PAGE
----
On Wednesday, a former prison chaplain with the Federal Bureau of Prisons was sentenced to seven years in prison for repeatedly sexually abusing a female inmate and then denying the abuse when questioned by federal agents.
The chaplain – 50-year-old James Theodore Highhouse – also received a consecutive sentence of five years of supervised release following the completion of his prison sentence.
Highhouse – a former chaplain for the Federal Correctional Institution Dublin in Dublin, California – was sentenced in a federal court in the Northern District of California.
“Within our corrections system, chaplains are supposed to provide hope and spiritual guidance,” Deputy Attorney General Lisa Monaco said in a Wednesday statement. “Instead, this chaplain abused his authority and betrayed the public trust.”
“The Department of Justice will continue to prosecute cases of criminal misconduct by Bureau of Prison employees and hold accountable those who fail to protect those in their custody.”
According to the Associated Press, Highhouse is the fourth FCI Dublin employee to be charged with sexually assaulting inmates in recent months.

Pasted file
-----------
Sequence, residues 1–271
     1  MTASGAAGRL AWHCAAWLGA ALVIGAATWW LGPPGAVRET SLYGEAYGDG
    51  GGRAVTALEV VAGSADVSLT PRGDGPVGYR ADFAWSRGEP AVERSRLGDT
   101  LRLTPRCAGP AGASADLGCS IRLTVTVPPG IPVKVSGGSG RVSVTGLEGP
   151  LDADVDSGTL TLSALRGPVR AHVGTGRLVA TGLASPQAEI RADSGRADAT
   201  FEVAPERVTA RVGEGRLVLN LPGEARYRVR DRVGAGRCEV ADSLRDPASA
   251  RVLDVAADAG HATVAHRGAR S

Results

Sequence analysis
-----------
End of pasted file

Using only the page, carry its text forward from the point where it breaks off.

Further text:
“Today’s sentencing sends a clear message to BOP employees that abusing their position of trust will result in serious consequences,” Department of Justice Inspector General Horowitz said. “The Department of Justice Office of the Inspector General is committed to rooting out wrongdoing and abuse by BOP employees and bringing perpetrators to justice.”
According to The Christian Post, Highhouse was a chaplain at a federal prison for female inmates. In his role, he provided spiritual counseling and oversaw worship services and religious study.
Court documents reveal that Highhouse began privately meeting with an unnamed female inmate in his office in November 2017. By May 2018, he began abusing her. The abuse lasted until February 2019.
Highhouse, who had received sexual abuse and prevention training, “used Biblical parables and the victim’s religious beliefs to manipulate her and coerce her to submitting to him.”
“Highhouse committed sexual abuse in the chapel office, and according to evidence presented at the hearing, to keep the victim from reporting him and avoid detection, he would tell her that no one would believe her because she was an inmate and he was a chaplain,” the DOJ said in a statement.
The victim eventually reported Highhouse, and the Federal Bureau of Investigation and the DOJ Office of the Inspector General launched an investigation into his actions. During the investigation, Highhouse lied multiple times to authorities about his actions.
Highhouse was arrested in January, and in February, he pleaded guilty to five counts of sexual assault and lying to federal agents.
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Kayla Koslosky has been the Editor of ChristianHeadlines.com since 2018. She has B.A. degrees in English and History and previously wrote for and was the managing editor of the Yellow Jacket newspaper. She has also contributed to IBelieve.com and Crosswalk.com.